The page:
A Brief History of John Baledessari is jaunty stroll through Baledessari’s work and life. The self-deprecating attitude throughout the film makes it clear that John Baledessari does not seem to regard himself as anything special. The quick cuts do not ask the viewer to contemplate or absorb his work, but simply to acknowledge that it exists. The spot-on narration by Tom Waits is also has a sarcastic tone to it, intimating that the entire Brief History is a bit of a joke.
However, this self-depreciative attitude is contrasted with the story itself, which chronicles the growth and triumph of an artist. The tone helps reinforce the basic premise—that art is incidental, spontaneous, and not at all serious. Yet the humor and self-deprecation do a lot to warm the audience to Baledessari, which ultimately rasies the film to a serious quality. The audience has been invested in his story simply by the fact that the audience likes him, and wants him to succeed.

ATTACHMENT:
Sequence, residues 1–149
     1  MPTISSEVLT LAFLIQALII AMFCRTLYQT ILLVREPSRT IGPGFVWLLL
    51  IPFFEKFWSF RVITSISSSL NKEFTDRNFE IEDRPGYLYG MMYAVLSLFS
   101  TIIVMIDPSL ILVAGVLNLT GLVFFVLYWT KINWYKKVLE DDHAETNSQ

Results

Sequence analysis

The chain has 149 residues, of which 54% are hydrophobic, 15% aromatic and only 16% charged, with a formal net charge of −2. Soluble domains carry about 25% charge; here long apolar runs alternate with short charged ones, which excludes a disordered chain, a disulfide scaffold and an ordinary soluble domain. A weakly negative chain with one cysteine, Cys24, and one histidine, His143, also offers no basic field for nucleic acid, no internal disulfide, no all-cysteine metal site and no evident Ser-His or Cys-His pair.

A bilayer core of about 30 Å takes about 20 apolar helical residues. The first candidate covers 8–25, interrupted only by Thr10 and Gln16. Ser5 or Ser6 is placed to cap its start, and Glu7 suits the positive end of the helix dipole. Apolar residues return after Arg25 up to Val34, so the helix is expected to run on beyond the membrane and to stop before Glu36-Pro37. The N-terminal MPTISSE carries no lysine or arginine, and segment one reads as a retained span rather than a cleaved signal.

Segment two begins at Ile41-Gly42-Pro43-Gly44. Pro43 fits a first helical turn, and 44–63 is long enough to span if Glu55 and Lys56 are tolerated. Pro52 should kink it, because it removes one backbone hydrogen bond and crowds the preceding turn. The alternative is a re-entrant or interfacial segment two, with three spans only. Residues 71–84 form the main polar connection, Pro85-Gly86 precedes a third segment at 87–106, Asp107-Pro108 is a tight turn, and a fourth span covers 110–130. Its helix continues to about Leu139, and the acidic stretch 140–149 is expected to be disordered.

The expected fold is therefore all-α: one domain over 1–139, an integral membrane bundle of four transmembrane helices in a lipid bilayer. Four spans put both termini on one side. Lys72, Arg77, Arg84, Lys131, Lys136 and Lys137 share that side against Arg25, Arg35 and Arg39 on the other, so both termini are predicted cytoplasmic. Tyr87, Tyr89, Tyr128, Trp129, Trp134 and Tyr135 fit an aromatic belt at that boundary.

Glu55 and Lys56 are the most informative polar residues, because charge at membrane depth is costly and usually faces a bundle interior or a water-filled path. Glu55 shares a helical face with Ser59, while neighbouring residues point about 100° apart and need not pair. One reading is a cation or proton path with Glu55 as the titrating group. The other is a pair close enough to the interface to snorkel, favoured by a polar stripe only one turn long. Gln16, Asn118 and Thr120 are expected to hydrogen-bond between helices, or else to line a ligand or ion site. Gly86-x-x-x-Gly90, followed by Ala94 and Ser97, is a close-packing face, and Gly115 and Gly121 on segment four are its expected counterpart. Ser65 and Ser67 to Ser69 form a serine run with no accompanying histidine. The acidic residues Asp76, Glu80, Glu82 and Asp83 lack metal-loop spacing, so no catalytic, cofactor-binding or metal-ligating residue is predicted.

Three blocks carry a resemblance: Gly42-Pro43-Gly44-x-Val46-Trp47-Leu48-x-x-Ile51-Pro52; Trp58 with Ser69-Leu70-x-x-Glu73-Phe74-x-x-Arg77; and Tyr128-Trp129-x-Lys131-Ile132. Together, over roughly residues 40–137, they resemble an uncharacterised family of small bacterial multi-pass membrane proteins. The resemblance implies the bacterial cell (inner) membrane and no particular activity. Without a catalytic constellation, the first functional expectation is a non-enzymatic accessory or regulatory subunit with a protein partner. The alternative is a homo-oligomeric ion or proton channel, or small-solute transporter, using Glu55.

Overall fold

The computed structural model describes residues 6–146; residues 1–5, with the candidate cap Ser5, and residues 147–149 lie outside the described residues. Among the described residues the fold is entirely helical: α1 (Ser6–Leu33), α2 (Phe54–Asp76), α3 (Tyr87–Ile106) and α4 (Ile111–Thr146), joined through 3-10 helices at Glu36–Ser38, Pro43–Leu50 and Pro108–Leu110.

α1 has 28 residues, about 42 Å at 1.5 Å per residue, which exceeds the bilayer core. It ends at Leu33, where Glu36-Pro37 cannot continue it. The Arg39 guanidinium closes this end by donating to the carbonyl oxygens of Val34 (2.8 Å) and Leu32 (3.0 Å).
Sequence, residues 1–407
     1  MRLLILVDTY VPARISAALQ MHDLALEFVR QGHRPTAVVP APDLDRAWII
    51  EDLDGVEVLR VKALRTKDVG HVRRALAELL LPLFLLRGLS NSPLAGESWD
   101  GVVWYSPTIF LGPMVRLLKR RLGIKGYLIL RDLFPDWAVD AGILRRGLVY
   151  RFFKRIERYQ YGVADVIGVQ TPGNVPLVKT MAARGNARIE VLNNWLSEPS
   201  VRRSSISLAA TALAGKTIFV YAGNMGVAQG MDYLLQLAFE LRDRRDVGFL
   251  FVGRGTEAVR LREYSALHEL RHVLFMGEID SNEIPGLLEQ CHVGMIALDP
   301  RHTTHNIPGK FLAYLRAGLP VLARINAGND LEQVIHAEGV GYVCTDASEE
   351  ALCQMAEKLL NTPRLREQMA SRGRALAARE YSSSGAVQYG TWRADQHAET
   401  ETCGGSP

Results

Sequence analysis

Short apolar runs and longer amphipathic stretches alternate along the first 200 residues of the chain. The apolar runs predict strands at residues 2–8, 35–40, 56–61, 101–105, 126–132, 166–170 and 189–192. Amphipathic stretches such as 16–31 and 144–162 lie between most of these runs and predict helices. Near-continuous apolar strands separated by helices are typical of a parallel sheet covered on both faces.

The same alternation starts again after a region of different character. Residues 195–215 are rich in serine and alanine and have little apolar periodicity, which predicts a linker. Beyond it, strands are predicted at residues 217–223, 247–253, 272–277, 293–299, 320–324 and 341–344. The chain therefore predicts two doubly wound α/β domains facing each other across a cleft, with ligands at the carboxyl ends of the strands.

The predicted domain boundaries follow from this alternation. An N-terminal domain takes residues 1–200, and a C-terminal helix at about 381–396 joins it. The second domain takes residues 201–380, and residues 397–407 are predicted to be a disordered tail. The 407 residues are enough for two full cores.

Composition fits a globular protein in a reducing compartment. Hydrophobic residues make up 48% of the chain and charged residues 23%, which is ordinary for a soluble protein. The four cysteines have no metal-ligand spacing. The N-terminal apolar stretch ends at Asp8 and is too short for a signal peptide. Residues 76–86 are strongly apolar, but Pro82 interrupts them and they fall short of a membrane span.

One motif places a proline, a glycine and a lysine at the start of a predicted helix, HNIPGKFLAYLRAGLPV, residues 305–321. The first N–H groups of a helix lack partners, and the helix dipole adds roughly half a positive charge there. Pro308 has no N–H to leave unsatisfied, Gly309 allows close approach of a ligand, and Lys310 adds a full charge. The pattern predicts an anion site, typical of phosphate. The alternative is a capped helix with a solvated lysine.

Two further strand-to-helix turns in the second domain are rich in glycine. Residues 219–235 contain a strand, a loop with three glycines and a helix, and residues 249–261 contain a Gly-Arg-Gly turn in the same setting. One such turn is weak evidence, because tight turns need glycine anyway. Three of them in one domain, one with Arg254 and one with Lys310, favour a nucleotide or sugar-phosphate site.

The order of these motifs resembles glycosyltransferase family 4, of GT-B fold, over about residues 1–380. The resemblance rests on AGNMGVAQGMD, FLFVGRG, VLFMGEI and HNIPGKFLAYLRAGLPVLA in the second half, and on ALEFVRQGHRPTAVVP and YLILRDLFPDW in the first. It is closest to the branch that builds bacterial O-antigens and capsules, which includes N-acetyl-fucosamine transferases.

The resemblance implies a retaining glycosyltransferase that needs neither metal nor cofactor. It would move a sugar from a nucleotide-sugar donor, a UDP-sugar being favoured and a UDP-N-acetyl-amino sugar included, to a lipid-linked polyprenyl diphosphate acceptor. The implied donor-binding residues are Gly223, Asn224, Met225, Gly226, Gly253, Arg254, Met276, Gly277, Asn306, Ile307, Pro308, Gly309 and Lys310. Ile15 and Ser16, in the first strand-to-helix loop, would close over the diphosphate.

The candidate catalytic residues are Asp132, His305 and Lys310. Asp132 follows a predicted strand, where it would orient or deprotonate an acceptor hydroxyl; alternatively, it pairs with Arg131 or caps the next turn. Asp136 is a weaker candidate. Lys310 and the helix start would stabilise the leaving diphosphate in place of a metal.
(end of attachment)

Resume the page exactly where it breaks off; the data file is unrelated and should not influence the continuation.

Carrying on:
Ultimately, I like this documentary because it does not try to shove something down your throat. Both of the other documentaries are gravely serious, whereas A Brief History doesn’t really care whether you take it seriously or whether you like it or not. It does what a documentary is supposed to do, document and present.